MUSKEGON, Mich. (WZZM) -- At the start of World War II, Winston Churchill said to win the war he needed a ship capable of delivering tanks and troops to a defended shore. Two years later the first LSTs were being tested.
The unique ships were built to carry tanks, weapons, and troops from England to France. The ships' massive front doors could open and allow tanks and other vehicles to drive onto beaches in France starting June 6, 1944.
More than 1,000 LSTs were built for the mission and there's one still floating on Muskegon Lake.
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D-Day was the turning point in WW II. John Stevenson, with the LST-393 Veterans Museum, says the 70-year-old floating artifact in Muskegon landed on Omaha Beach, "It first came ashore on D-night."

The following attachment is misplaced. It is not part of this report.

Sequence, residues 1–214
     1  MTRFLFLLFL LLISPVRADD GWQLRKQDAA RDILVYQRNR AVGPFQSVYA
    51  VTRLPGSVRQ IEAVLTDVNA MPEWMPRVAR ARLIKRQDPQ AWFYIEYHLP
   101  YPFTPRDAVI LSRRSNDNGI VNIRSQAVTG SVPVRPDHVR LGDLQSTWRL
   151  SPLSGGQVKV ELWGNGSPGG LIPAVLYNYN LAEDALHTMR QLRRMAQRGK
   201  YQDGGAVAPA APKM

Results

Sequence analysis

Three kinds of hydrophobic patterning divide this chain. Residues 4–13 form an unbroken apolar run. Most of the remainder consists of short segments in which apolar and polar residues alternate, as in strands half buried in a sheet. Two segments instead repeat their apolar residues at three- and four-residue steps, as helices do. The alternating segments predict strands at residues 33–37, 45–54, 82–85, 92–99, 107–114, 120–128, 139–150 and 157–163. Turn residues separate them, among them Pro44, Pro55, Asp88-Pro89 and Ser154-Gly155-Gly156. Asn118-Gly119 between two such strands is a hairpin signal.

LSTs could carry 28 tanks on the tank deck and a variety of other equipment on the top deck, like trucks and Jeeps.
In the weeks following D-Day, LST-393 made 30 round trips from England to France carrying around 400 troops each time. The passengers on the return trips to England included causalities of war and captured German soldiers.
The museum's new exhibit honors the 29 Muskegon men who played a role in the D-Day operation. LST-393 historian and curator Dan Weikel says of the 29, only eight made it home to Muskegon.
Only two LSTs are left in America, the other is in Indiana.
Friday night on the tank deck of the 393, the D-Day film The Longest Day will be shown starting at 8 p.m. There is no charge.